Taking It on the Chin: New Fast Facts about Violence Against Transgender People

In February 2011, the National Center for Transgender Equality (NCTE) and the National Gay and Lesbian Task Force (NGLTF) released the largest-ever survey of transgender and gender non-conforming people, Injustice at Every Turn: A Report of the National Transgender Discrimination Survey (available at http://transequality.org/PDFs/NTDS_Report.pdf).  Nearly 6,500 responded to this wide-ranging questionnaire.  Here are some highlights relating to the violence faced by transgender and gender non-conforming people.

Abuse at home and at school

  • 19%  have experienced domestic violence at the hands of a family member because of their transgender identity or gender non-conformity
    • MTFs are more likely to experience family violence than FTMs (22% to 15%)
  • Of those who expressed a transgender identity or gender non-conformity while in grades K-12…
    • 78%  experienced harassment 
      • 31% experienced harassment from teachers or staff
  • 35%  experienced physical assault 
    • 5% were physically assaulted by teachers or staff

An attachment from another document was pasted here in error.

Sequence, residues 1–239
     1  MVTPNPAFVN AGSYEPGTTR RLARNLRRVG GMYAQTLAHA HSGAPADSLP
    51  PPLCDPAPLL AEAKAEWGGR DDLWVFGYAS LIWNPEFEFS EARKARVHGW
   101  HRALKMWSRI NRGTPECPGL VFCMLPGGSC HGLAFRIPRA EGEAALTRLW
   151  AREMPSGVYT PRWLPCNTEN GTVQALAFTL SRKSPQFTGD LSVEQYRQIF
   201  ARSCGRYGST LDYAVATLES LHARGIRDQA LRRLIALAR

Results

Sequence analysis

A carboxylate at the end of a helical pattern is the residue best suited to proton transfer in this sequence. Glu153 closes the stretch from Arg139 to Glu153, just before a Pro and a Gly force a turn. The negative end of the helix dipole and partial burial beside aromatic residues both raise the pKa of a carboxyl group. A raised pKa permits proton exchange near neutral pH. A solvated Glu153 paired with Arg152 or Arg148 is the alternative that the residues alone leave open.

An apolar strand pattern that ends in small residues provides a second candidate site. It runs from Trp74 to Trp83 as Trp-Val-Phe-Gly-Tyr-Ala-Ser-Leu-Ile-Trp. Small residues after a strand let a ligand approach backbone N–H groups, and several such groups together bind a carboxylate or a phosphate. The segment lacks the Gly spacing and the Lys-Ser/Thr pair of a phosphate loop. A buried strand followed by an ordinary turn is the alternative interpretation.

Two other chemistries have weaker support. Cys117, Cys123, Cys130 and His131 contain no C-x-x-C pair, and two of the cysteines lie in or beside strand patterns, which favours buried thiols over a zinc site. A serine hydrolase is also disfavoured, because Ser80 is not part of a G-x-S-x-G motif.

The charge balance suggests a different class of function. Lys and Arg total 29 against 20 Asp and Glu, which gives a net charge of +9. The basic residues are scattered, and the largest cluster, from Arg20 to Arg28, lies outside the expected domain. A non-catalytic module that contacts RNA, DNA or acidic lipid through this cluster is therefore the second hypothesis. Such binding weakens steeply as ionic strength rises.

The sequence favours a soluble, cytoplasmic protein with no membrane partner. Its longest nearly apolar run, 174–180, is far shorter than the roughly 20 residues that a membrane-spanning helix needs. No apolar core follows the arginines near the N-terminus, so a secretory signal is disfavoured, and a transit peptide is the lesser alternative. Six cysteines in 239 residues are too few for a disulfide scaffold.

• 12%  experienced sexual violence 
    • 3% were sexually assaulted by teachers or staff
    • MTFs were more often sexually assaulted (15%), compared to FTMs (10%)
  • 6%  were expelled for their gender identity/expression
  • 50%  have experienced harassment by someone at work
  • 7%  have been physically assaulted on the job
  • 6%  have been sexually assaulted at work

Family Matters: Trans People and SOFFA Relationships

In February 2011, the National Center for Transgender Equality (NCTE) and the National Gay and Lesbian Task Force (NGLTF) released the largest-ever survey of transgender and gender non-conforming people, Injustice at Every Turn: A Report of the National Transgender Discrimination Survey (available at http://transequality.org/PDFs/NTDS_Report.pdf).  Nearly 6,500 responded to this wide-ranging questionnaire.  Here are some highlights relating to transgender and gender non-conforming people and their family members

You win some and you lose some

  • 70%  of children still speak to and spend time with their transgender/gender non-conforming parent
  • 61%  say their family relationships have slowly improved after coming out and/or transitioning
  • 57%  experienced some level of family rejection
  •  55% of intimate relationships survive the transgender person’s coming out and/or transition (or ended for a reason other than gender)
    • 55%  of those who transition lose their intimate partnership
    • 45%  say their family is as strong now as it was before they came out